04 April 2022

Until the Day of Christ

Paul exhorted the church to pursue perfection, a process that will culminate in the resurrection on the Day of ChristPhilippians 3:7-21

Day of Christ - Photo by Zac Durant on Unsplash
In his opening thanksgiving, Paul prepares his readers for a key theme of the letter, the pursuit of “
perfection” until the day that Jesus arrives in glory, the “Day of Christ.” They will be made complete when they are resurrected on that day. In Paul’s view, resurrection is an integral part of the salvation that believers receive when Jesus appears - [Photo by Zac Durant on Unsplash].

The sense of the Greek word rendered “perfection” is NOT moral perfection, but instead, “completion.” That is, what God began in the Philippians He would continue to perform until the day that Jesus “arrives” at the end of the age.
  • (Philippians 1:3-10) – “I am giving thanks unto my God on the occasion of all my remembrance of you, at all times, in every supplication of mine, in behalf of you all, with joy my supplication making, on account of your contribution to the gospel from the first day until the present, being persuaded of this very thing, that he who has begun in you a good work will perfect it until the day of Jesus Christ… And this I pray, that your love may be yet more and more preeminent in knowledge and all perception, to the end, you may put to the test the things that differ, in order that you may be incorrupt and may give no occasion of stumbling unto the day of Christ.”
Elsewhere, Paul equates the “day of Jesus Christ” with the “day of the Lord” from the Hebrew Bible when Yahweh delivered His people and judged His enemies. Under the new covenant, that day is now identified with Jesus and his return in glory. At that time, he will appear “on the clouds of heaven” to raise the dead, gather his people to himself, judge the wicked, and usher in the “new heavens and the new earth” – (1 Corinthians 1:8, 1 Thessalonians 4:13-18, 2 Thessalonians 2:1-2).

And considering this impending day with its promised glories, Paul exhorted the Philippians to conduct their lives accordingly:
  • Do all things without murmurings and questionings that you may become blameless and harmless, children of God without blemish in the midst of a crooked and perverse generation, among whom you are seen as lights in the world, holding forth the word of life, that I may have whereof to glory on the day of Christ” – (Philippians 2:16).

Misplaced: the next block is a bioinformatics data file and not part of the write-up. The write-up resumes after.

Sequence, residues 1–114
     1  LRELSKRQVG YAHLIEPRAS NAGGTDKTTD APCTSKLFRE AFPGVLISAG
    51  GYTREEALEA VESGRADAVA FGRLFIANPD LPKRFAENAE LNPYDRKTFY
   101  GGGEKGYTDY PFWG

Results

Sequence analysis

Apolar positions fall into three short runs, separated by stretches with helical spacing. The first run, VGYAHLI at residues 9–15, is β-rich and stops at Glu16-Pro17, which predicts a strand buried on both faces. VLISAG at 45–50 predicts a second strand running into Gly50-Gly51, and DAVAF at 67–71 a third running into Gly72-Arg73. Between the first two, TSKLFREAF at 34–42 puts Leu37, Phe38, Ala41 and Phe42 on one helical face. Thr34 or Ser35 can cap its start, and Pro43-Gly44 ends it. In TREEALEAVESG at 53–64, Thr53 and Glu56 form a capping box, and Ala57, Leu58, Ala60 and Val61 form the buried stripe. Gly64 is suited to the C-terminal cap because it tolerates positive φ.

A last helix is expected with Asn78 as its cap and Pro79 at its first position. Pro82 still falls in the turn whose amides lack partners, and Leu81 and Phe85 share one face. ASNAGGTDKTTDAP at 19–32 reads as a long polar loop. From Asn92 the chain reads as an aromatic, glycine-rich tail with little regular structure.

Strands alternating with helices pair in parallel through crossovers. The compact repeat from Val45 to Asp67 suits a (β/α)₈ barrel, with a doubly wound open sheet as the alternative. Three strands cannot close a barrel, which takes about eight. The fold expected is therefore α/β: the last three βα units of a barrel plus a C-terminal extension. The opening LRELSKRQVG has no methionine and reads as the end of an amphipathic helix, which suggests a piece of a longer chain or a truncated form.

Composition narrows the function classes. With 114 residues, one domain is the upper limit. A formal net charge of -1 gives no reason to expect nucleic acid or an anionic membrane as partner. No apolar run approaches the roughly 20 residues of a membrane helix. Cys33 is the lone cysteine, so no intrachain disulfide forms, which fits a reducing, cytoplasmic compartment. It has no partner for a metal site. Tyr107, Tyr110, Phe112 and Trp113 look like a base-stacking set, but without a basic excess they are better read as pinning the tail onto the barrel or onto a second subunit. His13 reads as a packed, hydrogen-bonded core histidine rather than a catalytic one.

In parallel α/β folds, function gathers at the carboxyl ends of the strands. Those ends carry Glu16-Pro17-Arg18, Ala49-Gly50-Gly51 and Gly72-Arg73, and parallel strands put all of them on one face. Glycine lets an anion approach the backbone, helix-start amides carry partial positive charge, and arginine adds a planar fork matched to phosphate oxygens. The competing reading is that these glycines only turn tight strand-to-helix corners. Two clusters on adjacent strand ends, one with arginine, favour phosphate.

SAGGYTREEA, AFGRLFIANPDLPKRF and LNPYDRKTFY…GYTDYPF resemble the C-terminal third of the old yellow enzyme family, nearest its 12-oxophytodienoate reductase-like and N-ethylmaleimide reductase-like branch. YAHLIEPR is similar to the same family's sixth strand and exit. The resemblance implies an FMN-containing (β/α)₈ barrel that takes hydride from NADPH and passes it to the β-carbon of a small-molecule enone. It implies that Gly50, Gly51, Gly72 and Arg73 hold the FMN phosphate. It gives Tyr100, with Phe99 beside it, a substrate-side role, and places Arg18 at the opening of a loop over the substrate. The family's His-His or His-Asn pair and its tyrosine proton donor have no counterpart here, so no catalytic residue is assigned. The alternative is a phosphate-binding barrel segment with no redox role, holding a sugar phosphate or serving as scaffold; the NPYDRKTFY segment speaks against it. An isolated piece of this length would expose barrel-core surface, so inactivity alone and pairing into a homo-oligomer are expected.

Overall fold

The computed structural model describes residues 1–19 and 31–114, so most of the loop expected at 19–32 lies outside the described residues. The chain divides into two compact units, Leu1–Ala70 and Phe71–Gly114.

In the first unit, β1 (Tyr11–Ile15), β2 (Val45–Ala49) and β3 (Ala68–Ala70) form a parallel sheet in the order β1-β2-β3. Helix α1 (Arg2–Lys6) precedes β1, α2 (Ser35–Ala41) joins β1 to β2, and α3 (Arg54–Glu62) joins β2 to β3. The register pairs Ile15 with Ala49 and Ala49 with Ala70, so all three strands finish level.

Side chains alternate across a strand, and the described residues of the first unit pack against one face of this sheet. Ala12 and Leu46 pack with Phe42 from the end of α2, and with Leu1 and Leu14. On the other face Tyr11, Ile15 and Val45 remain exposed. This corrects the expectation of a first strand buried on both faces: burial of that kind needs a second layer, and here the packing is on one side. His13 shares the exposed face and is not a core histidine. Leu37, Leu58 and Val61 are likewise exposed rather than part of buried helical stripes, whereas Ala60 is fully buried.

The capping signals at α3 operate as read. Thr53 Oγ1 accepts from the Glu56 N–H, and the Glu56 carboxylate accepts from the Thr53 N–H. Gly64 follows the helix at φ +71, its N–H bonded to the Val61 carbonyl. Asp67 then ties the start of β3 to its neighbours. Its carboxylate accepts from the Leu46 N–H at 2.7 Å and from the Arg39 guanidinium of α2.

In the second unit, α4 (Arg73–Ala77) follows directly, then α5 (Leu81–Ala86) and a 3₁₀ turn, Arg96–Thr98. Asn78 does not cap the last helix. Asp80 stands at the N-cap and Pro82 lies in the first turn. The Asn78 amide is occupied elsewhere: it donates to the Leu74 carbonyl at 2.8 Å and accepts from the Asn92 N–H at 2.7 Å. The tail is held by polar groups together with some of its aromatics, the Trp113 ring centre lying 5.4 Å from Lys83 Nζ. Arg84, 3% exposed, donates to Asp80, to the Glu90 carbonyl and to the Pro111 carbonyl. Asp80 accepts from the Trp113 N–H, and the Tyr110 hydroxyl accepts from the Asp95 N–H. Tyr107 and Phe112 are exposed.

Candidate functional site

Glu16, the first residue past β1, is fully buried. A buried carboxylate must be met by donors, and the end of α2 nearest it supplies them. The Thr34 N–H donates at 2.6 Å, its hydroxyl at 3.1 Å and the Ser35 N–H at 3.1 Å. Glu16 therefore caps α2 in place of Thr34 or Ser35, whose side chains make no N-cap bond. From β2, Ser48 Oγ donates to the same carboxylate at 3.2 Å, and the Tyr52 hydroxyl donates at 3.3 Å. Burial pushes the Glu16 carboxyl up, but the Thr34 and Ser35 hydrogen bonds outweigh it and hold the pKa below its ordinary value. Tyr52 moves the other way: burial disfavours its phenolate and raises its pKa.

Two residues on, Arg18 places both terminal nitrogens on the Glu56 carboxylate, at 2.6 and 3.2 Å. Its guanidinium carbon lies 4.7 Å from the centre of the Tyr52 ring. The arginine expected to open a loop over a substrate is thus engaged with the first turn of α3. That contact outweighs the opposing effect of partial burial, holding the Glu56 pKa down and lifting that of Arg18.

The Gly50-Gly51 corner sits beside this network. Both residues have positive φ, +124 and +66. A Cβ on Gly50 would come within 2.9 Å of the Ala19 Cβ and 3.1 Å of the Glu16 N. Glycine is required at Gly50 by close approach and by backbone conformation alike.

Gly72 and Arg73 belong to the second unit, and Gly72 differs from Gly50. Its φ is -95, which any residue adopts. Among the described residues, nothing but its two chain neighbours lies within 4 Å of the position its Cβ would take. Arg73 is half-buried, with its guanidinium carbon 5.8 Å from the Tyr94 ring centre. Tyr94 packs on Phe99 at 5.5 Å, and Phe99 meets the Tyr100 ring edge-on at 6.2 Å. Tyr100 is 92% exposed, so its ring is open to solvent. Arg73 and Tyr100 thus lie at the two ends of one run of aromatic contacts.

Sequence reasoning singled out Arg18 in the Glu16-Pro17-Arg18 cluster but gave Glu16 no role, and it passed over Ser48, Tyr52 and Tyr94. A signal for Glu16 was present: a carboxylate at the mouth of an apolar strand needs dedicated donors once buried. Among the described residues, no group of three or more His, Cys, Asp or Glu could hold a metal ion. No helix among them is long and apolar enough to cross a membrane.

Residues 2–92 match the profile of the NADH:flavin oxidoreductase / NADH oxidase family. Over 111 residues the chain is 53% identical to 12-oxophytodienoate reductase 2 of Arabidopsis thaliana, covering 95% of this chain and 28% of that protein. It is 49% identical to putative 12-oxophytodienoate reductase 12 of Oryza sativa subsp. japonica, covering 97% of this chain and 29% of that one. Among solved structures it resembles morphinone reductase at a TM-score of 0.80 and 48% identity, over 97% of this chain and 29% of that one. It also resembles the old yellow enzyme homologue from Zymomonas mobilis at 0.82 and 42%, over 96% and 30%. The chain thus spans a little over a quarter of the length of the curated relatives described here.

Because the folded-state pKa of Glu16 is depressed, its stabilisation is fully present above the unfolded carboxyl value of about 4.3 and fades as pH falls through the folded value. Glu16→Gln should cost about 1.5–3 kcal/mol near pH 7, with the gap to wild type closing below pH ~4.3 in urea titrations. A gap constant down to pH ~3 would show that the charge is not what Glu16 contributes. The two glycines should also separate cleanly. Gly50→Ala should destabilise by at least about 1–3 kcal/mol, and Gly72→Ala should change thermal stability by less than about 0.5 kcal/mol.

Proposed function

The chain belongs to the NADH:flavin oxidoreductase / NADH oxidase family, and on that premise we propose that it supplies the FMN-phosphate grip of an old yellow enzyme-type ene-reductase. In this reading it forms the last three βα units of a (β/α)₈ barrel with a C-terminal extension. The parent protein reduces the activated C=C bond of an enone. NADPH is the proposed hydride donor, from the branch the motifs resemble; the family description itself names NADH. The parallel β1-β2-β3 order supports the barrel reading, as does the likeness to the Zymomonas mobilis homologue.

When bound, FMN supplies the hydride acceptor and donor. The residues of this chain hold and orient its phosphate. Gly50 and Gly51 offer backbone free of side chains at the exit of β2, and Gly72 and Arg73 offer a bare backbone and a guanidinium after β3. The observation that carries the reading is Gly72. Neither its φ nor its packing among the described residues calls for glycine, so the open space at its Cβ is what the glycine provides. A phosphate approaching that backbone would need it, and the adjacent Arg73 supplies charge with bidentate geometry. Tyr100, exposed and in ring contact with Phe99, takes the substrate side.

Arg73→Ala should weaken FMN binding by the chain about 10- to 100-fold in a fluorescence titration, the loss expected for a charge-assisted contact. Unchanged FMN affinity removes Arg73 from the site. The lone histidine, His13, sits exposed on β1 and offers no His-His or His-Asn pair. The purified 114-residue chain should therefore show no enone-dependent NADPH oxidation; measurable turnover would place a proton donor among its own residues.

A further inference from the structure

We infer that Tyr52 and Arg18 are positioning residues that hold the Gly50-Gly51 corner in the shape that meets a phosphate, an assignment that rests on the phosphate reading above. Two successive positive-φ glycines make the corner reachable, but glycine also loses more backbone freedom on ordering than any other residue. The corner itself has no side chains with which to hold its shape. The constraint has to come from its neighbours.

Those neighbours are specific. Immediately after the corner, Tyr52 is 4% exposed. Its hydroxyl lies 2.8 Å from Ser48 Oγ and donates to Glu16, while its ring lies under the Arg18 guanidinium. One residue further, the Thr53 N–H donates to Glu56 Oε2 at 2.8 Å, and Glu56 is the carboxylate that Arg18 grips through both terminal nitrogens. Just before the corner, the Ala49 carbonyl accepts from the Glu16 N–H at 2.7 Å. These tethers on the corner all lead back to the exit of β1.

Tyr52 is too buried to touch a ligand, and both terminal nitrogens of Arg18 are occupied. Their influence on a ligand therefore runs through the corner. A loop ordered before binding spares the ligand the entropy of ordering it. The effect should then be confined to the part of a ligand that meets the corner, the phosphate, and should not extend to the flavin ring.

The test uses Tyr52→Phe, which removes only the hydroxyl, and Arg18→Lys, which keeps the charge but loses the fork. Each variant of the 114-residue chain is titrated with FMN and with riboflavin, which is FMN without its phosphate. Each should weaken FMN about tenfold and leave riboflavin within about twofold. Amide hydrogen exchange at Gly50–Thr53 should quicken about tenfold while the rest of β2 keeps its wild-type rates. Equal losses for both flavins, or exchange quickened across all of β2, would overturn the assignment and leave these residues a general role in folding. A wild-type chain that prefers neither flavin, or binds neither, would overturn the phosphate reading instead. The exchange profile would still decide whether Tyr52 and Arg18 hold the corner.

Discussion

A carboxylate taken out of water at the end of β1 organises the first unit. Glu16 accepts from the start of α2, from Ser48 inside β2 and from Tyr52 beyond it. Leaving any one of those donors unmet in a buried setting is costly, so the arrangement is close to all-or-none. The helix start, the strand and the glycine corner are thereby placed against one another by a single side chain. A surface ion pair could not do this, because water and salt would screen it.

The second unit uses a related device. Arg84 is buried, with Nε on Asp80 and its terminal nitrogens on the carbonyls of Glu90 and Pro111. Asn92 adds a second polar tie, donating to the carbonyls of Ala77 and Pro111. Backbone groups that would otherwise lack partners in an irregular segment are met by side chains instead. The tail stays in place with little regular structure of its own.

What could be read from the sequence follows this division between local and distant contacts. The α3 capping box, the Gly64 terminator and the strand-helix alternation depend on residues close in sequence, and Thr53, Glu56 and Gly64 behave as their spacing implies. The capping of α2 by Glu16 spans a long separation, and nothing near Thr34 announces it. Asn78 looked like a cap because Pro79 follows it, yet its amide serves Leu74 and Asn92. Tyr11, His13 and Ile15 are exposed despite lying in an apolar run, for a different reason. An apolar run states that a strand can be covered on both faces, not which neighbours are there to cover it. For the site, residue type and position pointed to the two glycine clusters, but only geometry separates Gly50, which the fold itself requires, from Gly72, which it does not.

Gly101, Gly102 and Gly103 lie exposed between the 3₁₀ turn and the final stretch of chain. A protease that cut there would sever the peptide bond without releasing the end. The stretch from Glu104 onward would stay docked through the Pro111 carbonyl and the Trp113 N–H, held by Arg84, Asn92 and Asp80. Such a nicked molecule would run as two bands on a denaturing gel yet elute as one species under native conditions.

And Paul provided his readers with an example of what it means to go on to “completion.” In his life, he put his Jewish heritage aside to pursue completion in Jesus - “What things were gain to me, those I counted loss for Christ…I have suffered the loss of all things and do count them dung that I may win Christ.” Of far more value to him was the knowledge of Christ…
  • “…that I may know him, and the power of his resurrection, and the fellowship of his sufferings, becoming conformed to his death, if by any means I may attain to the resurrection from the dead. Not that I have already obtained or am already made perfect, but I press on if so be that I may lay hold on that for which also I was laid hold on by Christ Jesus” - (Philippians 3:10-12).
Apparently, some believers had chosen a different path and thereby made themselves “enemies of the cross of Christ, whose end is destruction, whose God is their belly, and whose glory is in their shame, who mind earthly things.” And primarily in view were certain Jewish Christians:
  • Beware of the mutilation, for we are the circumcision who worship by the Spirit of God and glory in Christ Jesus and have no confidence in the fleshwhose end is destruction, whose god is the belly, and whose glory is in their shame - (Philippians 3:1-3, 19).
Their “glory is their shame.” Paul was referring euphemistically to the circumcisions so highly valued by his Jewish opponents. In contrast, the “true circumcision,” they who worship God in the Spirit, “have their citizenship in heaven, from whence we look for the Savior, the Lord Jesus Christ, who shall change our lowly body that it may be fashioned like his glorious body.”

Most noteworthy is how Paul links the bodily resurrection to the “completion” of believers and to the “Day of Christ.” Moreover, the human “body” is not discarded at the end of the age but transformed and brought into conformity with “his glorious body.”

The resurrection is central to Christian hope and to Paul’s gospel. Whatever Christians receive from God between now and that day, the process of salvation will remain incomplete until Jesus arrives and raises them from the dead. This is very much a forward-looking faith.




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